(b) Management of access by humans and their vehicles.

 (c) Rehabilitation of damaged dunes.

(a) Disturbance

Removal or excavation of foredunes or incipient foredunes can cause instability, render the sand mobile, and reduce the sand storage capacity which augments the beach during storm wave erosion. No excavation of foredunes should be permitted unless plans are developed for their rehabilitation which are acceptable to the appropriate authority. In addition, no excavation of incipient dunes should be permitted unless designed with the objective of correcting dune instability or a dune restoration problem identified in the Coastline Management Plan.

The following criteria are suggested to guide the manager in deciding whether a form of land use should be encouraged:

Essentially all disturbance to incipient foredunes and foredunes should be prevented, as any damage to the vegetation will affect dune stability. Once the vegetation has been destroyed in one part, a blowout may result which in turn may become a transgressive dune or sand sheet. Where there is considerable human activity the dunes should be fenced and access controlled and limited. Stock should not be allowed to graze, and during nesting and breeding periods of bird species using dune habitats, very careful control is necessary to prevent their disturbance. Cooking facilities, firewood and toilets should be provided where appropriate to prevent the use of the dunes for these purposes.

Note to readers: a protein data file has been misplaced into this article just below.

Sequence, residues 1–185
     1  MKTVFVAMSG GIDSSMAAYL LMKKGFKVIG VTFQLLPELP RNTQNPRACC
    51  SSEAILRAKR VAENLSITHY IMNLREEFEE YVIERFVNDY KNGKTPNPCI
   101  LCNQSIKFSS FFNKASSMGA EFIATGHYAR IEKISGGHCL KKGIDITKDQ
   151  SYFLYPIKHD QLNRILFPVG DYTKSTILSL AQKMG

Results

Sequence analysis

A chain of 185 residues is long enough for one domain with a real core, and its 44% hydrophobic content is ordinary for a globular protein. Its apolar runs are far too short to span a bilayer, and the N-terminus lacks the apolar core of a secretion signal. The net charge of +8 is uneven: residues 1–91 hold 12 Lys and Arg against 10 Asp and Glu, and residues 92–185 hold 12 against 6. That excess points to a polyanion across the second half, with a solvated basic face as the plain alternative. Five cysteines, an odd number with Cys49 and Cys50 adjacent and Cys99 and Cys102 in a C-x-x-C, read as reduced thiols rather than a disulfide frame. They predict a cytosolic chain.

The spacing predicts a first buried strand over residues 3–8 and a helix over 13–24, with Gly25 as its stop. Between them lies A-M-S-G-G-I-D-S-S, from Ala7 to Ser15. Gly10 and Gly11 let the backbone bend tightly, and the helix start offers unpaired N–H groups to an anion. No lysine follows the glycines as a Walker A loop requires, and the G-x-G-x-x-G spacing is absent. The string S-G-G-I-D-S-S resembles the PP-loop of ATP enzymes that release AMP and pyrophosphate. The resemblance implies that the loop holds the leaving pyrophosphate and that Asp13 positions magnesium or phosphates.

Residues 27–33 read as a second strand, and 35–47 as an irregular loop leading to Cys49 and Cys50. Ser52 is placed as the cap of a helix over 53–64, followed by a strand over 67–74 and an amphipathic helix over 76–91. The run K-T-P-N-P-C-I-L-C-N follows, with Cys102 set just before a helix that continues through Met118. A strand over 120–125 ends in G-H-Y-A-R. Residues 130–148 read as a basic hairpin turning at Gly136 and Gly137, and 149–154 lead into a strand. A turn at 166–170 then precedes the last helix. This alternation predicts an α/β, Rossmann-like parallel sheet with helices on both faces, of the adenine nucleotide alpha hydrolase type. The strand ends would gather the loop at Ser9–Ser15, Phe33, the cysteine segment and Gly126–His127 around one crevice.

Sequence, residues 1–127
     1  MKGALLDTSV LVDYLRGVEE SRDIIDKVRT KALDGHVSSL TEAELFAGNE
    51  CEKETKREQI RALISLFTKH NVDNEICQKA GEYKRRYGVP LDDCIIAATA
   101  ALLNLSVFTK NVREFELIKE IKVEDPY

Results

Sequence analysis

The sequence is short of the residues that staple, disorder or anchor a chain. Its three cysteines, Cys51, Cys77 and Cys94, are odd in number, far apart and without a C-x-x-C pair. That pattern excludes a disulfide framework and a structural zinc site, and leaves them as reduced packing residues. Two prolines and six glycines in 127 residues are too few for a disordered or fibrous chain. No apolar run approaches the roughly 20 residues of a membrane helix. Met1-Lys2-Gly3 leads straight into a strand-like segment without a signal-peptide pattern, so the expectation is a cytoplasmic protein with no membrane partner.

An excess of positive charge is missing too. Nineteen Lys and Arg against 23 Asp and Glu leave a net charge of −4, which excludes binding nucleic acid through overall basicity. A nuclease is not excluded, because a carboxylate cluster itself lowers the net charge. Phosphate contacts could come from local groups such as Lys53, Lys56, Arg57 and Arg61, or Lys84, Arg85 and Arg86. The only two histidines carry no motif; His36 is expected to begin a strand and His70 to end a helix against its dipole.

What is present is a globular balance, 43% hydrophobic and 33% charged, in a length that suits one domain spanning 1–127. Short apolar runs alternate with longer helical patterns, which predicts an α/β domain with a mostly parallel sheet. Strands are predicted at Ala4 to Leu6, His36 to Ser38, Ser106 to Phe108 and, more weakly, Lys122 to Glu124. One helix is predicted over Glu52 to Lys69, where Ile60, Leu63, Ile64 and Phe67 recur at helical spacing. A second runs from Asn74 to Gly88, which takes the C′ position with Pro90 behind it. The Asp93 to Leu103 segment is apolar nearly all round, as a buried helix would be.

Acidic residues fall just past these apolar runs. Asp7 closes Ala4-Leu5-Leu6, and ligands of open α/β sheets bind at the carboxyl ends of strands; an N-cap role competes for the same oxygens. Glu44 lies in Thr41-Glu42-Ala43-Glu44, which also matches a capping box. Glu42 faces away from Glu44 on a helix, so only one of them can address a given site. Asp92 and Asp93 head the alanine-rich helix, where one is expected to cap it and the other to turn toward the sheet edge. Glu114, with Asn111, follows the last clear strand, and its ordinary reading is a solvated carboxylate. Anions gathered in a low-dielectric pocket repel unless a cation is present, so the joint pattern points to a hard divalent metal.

Ideally, no buildings should be sited in the coastal hazard zone, but if encroachment is absolutely unavoidable, structures should be relocatable, or elevated on deep anchored piles, or expendable structures may be used. Contractors in control of access to building sites should take responsibility for protecting and stabilising the dunes in and around their sites.

(b) Access

Dunes are held together by plants and damage to these by excess traffic can cause total destruction of a stable area and greatly increased mobility of unstable dunes. Both public access paths and vehicle tracks need to be carefully sited and controlled. Rotation of access points can help. Pedestrian access should be via properly constructed walkways if traffic is moderately high. Elevated walkways of boards are perhaps the best and most aesthetically pleasing solution as they can be built above the vegetation, but less expensive and equally effective access may be provided with board and chain walkways.